Reasons for the Armour Thyroid Shortage: Revisited

The sudden disappearance of Armour Thyroid from pharmacies in the United States about a year ago had all the makings of a mystery novel. Armour Thyroid had been available since the 1950’s with a long history of being safe and effective. No one could produce a good reason for what was happening, not even the company, Forest Laboratories, which manufacturers the drug. After weeks of puzzling back then, I recognized key wording in an FDA brief on the subject alerting me to the political nature of the Armour shortage.

Now I have confirmation that political and economic, not medical, forces were responsible for Armour Thyroid’s sudden disappearance. A recent letter from the President and Chief Operating Officer of Forest Labs, Lawrence Olanoff, M.D, Ph.D., reveals that Forest Labs just entered into an agreement with the federal government to accept fines and other penalties in a settlement of misdemeanour and felony charges related to the companies marketing practices of its Celexa and Levothroid products. It is clear to me that in the midst of negotiations with the FDA on these issues, Forest Labs needed to be ultra cautious in its handling of Armour Thyroid, which was separately being scrutinized by the FDA for formulation issues. Was it a coincidence back then that Medicare removed Armour from its list of recognized drugs or was it a warning by the government that Armour was on the “hit” list. The executives at Forest undoubtedly were required to remain silent as they dealt with the government on these issues.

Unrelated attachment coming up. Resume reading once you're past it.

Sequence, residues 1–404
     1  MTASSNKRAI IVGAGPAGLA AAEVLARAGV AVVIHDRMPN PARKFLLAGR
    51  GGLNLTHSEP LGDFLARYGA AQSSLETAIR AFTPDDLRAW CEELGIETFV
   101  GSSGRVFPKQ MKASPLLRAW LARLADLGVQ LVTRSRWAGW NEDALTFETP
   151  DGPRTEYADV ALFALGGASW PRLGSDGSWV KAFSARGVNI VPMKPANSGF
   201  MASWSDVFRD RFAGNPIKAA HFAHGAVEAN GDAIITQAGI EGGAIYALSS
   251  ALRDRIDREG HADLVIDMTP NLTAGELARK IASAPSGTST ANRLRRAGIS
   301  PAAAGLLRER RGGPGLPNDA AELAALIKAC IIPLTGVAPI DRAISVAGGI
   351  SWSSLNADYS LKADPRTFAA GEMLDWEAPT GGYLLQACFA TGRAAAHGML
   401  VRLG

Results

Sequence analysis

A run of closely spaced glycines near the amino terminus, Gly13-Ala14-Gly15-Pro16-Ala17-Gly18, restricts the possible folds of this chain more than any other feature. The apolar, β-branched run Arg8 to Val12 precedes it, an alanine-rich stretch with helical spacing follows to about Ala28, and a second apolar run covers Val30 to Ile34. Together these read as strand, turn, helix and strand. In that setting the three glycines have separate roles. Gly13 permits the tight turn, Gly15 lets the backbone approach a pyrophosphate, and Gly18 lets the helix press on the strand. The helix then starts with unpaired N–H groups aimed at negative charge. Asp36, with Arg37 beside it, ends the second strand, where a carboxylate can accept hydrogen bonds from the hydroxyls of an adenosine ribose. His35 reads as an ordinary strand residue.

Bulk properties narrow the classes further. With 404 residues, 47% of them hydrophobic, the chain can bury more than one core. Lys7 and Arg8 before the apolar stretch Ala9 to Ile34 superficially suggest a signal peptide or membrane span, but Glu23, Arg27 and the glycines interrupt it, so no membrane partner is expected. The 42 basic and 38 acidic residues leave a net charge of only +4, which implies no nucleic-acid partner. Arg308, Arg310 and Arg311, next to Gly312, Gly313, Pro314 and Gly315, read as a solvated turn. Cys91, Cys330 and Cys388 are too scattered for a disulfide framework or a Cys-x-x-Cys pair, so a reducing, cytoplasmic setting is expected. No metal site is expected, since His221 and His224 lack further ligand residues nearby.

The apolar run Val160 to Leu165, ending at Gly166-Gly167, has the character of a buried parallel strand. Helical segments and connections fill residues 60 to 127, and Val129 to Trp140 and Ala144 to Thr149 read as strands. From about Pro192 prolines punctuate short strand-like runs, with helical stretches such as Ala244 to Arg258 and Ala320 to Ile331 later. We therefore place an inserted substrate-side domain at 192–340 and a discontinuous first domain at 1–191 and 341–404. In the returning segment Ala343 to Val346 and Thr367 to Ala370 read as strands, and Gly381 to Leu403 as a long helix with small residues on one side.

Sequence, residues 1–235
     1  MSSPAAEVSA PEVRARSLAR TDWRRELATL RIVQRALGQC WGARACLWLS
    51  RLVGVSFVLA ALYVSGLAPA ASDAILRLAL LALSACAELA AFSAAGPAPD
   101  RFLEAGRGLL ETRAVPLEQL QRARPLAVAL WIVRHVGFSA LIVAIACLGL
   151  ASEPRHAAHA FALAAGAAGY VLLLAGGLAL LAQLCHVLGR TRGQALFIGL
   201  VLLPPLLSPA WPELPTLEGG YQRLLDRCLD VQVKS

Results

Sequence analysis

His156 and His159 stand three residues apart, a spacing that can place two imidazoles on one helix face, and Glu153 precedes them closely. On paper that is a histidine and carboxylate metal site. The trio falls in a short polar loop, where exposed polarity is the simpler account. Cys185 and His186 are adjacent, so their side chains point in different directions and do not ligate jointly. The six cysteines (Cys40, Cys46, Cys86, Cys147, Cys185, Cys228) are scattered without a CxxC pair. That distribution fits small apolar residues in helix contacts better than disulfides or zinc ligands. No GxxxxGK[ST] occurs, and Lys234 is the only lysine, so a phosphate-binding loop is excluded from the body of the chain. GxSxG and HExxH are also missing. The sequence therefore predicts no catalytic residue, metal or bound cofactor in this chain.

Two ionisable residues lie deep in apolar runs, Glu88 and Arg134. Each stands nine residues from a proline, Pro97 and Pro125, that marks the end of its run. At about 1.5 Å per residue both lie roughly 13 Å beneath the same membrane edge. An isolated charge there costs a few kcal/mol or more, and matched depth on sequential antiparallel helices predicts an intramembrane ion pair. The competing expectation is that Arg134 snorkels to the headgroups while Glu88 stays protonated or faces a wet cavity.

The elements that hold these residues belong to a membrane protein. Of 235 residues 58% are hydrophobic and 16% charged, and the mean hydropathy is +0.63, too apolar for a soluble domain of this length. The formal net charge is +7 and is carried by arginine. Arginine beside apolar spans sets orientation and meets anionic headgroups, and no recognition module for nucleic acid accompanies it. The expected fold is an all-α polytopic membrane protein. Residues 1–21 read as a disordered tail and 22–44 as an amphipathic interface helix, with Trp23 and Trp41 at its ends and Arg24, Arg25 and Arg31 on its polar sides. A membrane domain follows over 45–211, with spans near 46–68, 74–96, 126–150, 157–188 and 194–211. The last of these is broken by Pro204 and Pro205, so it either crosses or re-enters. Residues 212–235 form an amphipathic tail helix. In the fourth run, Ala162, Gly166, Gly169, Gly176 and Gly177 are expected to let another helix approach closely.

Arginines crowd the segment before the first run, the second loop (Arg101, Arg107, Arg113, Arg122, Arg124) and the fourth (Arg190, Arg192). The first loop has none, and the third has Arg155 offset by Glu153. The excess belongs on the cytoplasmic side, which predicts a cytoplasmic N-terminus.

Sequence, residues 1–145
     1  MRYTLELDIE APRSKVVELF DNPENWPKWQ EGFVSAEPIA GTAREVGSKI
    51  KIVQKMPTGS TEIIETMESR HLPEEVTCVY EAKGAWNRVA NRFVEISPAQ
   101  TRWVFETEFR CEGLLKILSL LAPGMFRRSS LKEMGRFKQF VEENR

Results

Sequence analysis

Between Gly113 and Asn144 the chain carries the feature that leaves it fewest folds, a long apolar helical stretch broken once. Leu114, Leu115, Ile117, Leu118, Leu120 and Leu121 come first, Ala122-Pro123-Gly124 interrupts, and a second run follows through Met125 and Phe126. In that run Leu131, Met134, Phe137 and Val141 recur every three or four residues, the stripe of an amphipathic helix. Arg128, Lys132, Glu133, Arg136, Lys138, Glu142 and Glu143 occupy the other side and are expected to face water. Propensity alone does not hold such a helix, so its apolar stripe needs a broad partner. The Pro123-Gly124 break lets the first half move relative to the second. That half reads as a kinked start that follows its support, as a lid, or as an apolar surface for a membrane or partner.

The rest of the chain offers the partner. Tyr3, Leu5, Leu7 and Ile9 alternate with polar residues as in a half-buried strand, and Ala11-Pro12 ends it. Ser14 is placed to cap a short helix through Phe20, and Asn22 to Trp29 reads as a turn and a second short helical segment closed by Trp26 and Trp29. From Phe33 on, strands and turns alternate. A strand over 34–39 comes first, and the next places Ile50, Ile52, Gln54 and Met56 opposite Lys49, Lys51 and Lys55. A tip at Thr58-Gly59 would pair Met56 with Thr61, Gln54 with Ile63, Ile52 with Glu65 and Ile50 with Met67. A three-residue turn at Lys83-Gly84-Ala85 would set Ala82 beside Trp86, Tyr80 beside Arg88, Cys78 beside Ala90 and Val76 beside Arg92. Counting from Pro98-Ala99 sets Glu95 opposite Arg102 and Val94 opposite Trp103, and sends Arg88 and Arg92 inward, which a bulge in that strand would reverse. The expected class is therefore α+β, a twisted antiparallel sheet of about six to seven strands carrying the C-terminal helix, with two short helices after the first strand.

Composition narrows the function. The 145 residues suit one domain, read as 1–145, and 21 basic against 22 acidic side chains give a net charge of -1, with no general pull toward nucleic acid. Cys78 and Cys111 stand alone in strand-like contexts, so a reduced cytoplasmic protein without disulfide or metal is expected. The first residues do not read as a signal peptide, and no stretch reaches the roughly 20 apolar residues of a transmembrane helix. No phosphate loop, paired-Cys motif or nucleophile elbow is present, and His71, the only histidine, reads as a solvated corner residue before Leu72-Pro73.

The good news is that the Armour shortage appears all but over, coinciding with the settlement between Forest and the FDA. It was a difficult time for many people who needed Armour and for the doctors who depended on it for adequate treatment of hypothyroidism. If I am correct, this should be the end of this painful episode.

Gary Pepper, M.D.,

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  • hank

    The real question is especially for those on Medicare will Medicare reimburse for Armour and relist in its formulary. My new insurance plan for the coming year which uses Part D does not recognize Armour at this time. If I wish to continue using Armour I will have to go to a pharmacy that will compound it for me – can be very costly.


  • Kathie

    Good question, Hank; I wondered the same thing. Is Armour Thyroid still not on Medicare’s list of approved drugs? When Armour was scarce or not available, I filled my prescription through some compounders, but found that the compounds were not always consistent and my dosage was sometimes off. Hope Medicare will recognize Armour cuz I’ll be eligible for Medicare in the near future. Take care everyone and Happy Holidays!

  • Drew Mc.Allister

    Thanks for this nice post you’ve made!